See, I have read tons of info about respimgs all over the web. More or less developed towards the future.
    Why don’t we ask companies to implement this in their next versions? Even as updates for the actual ones. Isn’t this the more convenient way for users?

  14. 24

    This is awesome! I used WP to create a website for a class I had, and I really am not experienced with coding. Even though I am not currently using WP, I can definitely appreciate what you’re doing here! In my opinion every little bit helps for a guy like me. Even though some people are seeming to dislike the approach I feel it has been a long time coming. Many of the others who have commented seem to think that there is an easier, or better way to do this, which is probably true. Mention of better mobile networks or compression algorithms are way over my head. But I’m extremely curious to see where this goes from here. Maybe I’ll get my website going again, working towards something bigger and better. Thanks!

  15. 25

    Patrick Danhof

    March 3, 2015 10:32 am

    I am a little bit confused, are you actually loading two images each time on mobile? The one at src attribute and one from the responsive set? You want to prevent extra download right?

    • 26

      Only 1 image is downloaded.

      Browsers that understand `srcset` chooses the optimum size from that set. Those that don’t, ignores the srcset & downloads the image at ` src`.

  16. 27

    The plugin is only in effect in posts then, correct? It would have no effect on pages using images outside of the WYSIWYG editor? I’m thinking of themes that have gallery features.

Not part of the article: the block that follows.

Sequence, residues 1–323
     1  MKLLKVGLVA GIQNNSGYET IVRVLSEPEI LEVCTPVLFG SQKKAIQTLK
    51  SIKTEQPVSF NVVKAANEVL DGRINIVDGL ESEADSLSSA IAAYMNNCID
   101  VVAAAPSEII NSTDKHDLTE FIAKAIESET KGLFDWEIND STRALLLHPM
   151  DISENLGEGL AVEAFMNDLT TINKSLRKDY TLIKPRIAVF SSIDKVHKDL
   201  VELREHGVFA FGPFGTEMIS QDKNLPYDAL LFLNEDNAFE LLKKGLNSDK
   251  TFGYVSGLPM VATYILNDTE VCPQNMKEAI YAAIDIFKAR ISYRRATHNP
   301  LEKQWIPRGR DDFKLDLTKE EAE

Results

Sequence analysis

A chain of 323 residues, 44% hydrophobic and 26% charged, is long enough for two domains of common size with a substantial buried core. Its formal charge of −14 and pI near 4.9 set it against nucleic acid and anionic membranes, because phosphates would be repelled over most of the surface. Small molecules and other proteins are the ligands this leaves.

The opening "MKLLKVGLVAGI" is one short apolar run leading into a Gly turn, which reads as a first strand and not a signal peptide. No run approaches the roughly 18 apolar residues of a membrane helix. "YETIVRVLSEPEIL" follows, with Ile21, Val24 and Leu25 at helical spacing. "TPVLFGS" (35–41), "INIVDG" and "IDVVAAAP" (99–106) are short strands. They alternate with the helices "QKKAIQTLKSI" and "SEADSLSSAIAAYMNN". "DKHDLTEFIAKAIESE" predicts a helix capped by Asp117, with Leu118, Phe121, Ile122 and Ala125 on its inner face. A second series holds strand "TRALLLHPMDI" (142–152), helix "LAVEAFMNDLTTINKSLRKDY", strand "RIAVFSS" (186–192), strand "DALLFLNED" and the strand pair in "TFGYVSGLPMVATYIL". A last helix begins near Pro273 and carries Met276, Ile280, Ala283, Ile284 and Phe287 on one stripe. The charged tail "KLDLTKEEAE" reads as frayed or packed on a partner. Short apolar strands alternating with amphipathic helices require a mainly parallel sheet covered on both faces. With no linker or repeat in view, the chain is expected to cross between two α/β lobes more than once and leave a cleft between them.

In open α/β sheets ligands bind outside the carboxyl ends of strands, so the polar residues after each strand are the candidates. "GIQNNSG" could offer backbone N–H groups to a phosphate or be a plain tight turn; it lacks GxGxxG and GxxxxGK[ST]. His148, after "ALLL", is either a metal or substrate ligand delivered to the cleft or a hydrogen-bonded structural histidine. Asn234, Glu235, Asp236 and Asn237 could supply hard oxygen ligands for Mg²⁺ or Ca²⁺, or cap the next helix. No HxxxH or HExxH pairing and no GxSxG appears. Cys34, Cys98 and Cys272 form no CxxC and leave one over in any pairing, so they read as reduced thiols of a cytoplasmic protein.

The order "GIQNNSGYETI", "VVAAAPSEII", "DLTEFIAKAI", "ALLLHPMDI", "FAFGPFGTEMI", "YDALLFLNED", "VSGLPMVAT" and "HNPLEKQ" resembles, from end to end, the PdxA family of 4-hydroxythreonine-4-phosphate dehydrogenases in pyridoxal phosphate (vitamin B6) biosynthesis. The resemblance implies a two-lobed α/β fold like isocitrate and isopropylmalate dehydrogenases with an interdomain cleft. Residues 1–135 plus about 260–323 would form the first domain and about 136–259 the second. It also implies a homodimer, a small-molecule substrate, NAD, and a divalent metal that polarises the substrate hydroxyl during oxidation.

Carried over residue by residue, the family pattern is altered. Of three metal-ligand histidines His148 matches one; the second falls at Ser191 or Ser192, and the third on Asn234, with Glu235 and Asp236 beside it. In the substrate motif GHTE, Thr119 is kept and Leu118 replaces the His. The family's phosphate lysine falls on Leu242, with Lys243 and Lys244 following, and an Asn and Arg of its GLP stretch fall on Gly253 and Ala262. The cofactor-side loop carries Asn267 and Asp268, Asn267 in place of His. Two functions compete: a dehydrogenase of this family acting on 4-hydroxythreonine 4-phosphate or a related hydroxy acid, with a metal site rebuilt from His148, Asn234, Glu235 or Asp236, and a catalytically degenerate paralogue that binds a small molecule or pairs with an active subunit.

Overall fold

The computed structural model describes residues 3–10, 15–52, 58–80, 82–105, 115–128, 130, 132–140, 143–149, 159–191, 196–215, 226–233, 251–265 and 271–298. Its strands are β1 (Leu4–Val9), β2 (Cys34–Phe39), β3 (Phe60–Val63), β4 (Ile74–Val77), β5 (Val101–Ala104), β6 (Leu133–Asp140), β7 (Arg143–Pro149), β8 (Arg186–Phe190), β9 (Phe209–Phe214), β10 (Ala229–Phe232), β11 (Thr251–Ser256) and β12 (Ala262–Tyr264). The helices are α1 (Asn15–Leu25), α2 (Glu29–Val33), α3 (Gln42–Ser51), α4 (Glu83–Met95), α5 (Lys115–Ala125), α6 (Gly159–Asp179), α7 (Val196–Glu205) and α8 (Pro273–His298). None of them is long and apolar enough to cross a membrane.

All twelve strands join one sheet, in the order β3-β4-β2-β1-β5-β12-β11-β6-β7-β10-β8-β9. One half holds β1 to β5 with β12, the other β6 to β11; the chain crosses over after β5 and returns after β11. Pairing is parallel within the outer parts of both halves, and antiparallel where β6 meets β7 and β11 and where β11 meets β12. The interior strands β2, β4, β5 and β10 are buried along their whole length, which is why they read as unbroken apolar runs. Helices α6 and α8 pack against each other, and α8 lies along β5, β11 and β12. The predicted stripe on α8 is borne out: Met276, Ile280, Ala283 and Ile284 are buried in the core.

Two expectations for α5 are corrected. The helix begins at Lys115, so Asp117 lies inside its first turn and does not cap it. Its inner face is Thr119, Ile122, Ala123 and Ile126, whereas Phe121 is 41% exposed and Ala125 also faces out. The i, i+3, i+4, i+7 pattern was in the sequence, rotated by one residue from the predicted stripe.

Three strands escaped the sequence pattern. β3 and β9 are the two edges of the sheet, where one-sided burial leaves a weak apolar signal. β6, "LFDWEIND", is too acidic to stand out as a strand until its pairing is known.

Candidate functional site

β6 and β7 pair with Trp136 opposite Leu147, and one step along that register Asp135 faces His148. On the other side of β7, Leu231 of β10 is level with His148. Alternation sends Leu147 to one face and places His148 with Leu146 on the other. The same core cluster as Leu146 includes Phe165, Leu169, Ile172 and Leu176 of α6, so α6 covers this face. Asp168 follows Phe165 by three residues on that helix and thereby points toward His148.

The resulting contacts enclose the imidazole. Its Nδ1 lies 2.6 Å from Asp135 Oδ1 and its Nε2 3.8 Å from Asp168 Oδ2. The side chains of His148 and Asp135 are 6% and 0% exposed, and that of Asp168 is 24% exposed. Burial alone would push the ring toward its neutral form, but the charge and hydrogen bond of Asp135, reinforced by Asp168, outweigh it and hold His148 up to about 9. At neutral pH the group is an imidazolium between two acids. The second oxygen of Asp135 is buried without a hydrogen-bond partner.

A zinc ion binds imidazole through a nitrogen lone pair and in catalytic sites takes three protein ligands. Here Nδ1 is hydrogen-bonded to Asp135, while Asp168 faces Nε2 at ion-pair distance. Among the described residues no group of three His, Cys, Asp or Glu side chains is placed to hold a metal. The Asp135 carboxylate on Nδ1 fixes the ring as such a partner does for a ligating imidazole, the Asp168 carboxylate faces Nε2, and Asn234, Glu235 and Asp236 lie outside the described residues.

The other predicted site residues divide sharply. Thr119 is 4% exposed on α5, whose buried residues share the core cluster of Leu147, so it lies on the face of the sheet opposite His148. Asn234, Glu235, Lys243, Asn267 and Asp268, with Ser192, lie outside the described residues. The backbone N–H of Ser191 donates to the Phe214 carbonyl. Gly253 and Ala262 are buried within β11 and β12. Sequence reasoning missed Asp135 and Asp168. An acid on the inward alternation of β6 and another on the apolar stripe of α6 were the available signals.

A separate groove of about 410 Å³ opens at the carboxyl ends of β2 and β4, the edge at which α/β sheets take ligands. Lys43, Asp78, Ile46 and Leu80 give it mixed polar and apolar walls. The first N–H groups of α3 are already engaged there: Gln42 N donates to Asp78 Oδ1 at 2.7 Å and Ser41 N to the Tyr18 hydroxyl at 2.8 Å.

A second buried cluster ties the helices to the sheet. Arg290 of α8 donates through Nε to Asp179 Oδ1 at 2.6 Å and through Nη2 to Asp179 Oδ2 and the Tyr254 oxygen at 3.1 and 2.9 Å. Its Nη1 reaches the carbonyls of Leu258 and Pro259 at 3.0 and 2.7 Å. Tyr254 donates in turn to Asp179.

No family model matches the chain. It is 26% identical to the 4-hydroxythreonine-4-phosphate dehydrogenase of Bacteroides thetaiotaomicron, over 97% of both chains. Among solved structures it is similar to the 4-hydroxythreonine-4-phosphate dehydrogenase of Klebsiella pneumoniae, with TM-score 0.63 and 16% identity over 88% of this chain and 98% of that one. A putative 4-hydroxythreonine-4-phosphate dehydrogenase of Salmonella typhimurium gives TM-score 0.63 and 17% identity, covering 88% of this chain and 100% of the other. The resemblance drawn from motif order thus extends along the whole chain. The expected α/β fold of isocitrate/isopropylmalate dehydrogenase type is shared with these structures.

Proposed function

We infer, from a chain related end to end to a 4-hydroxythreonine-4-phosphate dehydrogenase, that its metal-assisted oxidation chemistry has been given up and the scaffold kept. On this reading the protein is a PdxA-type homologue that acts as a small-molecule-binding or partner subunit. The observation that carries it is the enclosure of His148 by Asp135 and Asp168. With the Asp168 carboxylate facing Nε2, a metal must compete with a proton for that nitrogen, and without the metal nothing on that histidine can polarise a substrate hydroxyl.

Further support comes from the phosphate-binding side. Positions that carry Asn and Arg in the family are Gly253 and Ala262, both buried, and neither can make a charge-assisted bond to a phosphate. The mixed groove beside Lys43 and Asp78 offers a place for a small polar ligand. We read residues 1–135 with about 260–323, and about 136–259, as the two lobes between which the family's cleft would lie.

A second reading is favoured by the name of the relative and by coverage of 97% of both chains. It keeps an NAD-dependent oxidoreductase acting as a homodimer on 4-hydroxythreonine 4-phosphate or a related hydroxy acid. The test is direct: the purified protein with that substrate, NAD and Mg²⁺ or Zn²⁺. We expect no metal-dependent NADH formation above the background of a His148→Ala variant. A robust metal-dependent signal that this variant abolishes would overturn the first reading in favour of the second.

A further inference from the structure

17. 28

    This plugin rocks ! But I’m totally disappointed that some browsers always download big image defined in the “src” attribute. So in mobile context, when I analyze the loading process of a page, these browsers always download 2 images : the biggest first and the adapted in a second time !! I wish the problem will be resolved asap…
    My tests : Chrome works fine but Firefox downloads 2 images…

  18. 29

    Please correct me if I’m going about this the wrong way, or not understanding the plugins intention. I’m expecting that when I upload a large image,

    a) the uploads directory will get several versions of the same file at different sizes,
    b) the html will contain an img tag with srcset,
    c) that the appropriately sized image will be downloaded dependent on the viewport width
    [ and, d) that Picturefill will provide back-compatibility.]

    Are these assumptions correct? In Chrome, Safari, Firefox I’m seeing the same full size image served at all screen widths and simple resized with css.

  19. 30


    This is the one which i’m searching from a long while.

    Expecting more articles regards wordpress

  20. 31

    Daniel Keith

    May 9, 2015 8:58 am

    Hi Tim,
    Very nice article. I am running a wallpaper’s website. I want to know will this plugin helpful to decrease the load time of my website?